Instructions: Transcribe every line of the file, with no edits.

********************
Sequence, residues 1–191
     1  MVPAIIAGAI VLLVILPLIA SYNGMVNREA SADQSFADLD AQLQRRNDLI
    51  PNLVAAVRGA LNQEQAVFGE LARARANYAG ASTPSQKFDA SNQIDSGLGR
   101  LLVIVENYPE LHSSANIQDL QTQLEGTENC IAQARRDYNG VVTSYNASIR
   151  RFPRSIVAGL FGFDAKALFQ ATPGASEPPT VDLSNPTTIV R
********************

Sequence, residues 1–191
     1  MVPAIIAGAI VLLVILPLIA SYNGMVNREA SADQSFADLD AQLQRRNDLI
    51  PNLVAAVRGA LNQEQAVFGE LARARANYAG ASTPSQKFDA SNQIDSGLGR
   101  LLVIVENYPE LHSSANIQDL QTQLEGTENC IAQARRDYNG VVTSYNASIR
   151  RFPRSIVAGL FGFDAKALFQ ATPGASEPPT VDLSNPTTIV R